This is the most obvious way to organize things. Put them in order based on their name. Good for organizing spices or other items with many members.
Organizing things in the order that they happened in the time-space continuum. Used for event-based organization like ledgers and logs.
This could also be described as ontological. An example of contextual organization would be the Dewey Decimal System at the library where books are organized by theme and topic.
This is organizing things by physical distance. A good example of proximal organization is keys on a keyring. Standing outside the front door, the keys are ordered based their lock’s distance from your eyes. Probably the top deadbolt is first, followed by the doorknob lock. Maybe there is a safety lock box in your house; that key is next. Your car key, since the car is further away in the driveway or parked on the street. Followed by the key to a storage space a mile away and then keys for your day-job across town. Etc.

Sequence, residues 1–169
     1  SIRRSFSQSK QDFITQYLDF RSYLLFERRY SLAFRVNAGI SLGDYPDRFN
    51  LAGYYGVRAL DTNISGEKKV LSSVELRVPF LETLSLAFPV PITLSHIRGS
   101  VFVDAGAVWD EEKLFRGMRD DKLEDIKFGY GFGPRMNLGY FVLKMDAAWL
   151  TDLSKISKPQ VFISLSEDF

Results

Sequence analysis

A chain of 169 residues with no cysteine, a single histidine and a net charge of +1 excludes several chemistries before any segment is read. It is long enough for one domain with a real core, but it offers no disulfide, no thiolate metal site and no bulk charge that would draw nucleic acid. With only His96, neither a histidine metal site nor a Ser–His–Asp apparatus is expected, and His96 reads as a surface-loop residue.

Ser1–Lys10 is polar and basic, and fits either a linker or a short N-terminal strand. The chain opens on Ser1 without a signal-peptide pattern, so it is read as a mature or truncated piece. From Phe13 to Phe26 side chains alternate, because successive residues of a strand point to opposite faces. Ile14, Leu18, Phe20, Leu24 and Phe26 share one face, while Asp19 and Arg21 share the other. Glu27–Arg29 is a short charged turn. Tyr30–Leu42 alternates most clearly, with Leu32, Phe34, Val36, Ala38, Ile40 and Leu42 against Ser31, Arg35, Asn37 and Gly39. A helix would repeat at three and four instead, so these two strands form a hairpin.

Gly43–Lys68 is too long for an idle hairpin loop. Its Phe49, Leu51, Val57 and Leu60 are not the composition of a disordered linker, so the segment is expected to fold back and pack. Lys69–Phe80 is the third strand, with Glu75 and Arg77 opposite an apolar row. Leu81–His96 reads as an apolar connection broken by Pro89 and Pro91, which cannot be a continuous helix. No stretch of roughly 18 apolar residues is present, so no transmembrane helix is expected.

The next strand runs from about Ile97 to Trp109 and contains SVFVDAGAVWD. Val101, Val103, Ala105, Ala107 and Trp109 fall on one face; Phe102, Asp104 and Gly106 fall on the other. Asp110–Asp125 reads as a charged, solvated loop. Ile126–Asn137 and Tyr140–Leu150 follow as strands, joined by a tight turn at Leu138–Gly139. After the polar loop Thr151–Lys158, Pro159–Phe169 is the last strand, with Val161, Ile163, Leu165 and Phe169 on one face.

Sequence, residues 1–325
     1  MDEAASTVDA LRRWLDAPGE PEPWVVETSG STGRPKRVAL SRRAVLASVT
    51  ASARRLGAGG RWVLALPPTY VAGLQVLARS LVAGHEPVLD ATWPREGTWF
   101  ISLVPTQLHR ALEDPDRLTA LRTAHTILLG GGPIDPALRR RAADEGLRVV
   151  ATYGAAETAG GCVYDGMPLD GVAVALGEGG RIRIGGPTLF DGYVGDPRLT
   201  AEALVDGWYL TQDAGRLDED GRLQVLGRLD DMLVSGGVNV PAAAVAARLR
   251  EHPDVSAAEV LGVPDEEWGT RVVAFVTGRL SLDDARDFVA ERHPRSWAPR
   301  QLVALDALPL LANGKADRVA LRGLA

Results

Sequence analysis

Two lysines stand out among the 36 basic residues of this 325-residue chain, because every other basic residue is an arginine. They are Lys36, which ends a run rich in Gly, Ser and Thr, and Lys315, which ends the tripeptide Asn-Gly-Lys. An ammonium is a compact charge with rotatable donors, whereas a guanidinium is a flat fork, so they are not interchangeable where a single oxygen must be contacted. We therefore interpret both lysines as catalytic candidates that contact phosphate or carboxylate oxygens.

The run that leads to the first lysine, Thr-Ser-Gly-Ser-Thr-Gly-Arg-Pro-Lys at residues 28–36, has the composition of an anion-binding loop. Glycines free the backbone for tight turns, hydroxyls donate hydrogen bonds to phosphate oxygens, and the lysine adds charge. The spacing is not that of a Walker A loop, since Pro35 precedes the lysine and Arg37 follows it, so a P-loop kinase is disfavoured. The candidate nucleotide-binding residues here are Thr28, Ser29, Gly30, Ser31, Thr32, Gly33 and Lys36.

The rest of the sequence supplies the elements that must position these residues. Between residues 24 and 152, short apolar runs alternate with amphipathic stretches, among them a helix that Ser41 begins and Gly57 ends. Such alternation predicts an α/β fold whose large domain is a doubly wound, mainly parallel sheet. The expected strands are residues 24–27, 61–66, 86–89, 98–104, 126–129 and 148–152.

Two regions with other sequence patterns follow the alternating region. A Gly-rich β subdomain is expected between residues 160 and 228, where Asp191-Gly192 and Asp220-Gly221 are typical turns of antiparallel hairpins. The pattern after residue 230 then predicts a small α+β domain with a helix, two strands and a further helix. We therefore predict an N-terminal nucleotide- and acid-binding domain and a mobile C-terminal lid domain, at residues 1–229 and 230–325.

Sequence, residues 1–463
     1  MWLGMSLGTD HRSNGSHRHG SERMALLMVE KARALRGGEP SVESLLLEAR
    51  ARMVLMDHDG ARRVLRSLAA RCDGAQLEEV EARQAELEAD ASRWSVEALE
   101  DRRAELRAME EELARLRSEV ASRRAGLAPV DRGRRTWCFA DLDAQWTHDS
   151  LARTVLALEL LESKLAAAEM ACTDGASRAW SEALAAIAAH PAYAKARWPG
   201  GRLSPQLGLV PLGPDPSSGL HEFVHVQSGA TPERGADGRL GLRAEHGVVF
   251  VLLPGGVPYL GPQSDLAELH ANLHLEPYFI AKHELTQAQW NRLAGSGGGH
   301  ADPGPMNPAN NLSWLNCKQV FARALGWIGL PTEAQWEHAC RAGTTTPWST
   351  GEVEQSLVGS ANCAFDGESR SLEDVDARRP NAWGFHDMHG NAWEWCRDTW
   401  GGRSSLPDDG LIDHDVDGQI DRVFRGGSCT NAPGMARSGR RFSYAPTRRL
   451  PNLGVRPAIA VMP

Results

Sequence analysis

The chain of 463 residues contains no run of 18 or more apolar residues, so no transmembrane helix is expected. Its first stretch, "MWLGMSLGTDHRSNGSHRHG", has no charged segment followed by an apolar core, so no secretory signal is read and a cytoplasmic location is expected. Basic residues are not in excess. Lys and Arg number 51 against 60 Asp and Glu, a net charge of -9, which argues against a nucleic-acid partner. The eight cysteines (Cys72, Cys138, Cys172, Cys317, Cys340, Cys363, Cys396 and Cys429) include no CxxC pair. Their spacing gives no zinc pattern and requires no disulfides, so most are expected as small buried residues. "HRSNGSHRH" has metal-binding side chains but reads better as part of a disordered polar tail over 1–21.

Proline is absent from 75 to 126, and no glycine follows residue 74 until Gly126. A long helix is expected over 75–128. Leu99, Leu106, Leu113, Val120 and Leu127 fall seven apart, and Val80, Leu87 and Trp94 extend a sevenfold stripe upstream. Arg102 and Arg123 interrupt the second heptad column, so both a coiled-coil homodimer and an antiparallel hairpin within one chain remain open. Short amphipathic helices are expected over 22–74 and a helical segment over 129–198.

This also works well for wiring switches. Wire the left-most switch to the closest output and the right-most switch to the furthest output.